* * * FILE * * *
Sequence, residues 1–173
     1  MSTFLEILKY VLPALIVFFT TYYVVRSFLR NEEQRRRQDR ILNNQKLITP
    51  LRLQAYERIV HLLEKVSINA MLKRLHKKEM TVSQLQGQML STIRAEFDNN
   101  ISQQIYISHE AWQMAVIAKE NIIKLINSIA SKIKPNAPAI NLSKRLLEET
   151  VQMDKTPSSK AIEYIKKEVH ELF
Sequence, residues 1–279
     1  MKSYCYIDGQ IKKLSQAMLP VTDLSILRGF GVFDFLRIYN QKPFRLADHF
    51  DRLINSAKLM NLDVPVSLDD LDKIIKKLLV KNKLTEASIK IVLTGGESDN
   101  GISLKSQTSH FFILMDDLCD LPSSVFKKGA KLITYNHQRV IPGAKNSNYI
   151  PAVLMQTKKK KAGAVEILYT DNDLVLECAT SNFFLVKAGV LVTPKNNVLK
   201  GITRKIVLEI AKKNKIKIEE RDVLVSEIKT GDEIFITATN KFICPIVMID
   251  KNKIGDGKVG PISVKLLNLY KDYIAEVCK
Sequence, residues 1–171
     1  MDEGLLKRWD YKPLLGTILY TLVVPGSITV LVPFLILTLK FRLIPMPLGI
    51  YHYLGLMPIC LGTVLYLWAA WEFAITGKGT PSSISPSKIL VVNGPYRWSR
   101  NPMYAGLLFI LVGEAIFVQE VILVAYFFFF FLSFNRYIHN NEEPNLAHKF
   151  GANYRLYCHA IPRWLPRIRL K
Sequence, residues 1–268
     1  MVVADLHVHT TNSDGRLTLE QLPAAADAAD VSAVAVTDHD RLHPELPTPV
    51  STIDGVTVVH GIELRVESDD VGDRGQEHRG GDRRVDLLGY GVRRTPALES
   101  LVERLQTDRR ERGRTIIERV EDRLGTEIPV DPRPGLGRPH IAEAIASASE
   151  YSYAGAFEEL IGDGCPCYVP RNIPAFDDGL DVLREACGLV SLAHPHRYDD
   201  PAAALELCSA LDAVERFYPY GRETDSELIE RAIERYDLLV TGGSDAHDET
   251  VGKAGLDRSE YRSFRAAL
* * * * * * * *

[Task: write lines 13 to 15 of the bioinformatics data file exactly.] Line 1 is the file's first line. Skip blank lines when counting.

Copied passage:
Sequence, residues 1–171
     1  MDEGLLKRWD YKPLLGTILY TLVVPGSITV LVPFLILTLK FRLIPMPLGI
    51  YHYLGLMPIC LGTVLYLWAA WEFAITGKGT PSSISPSKIL VVNGPYRWSR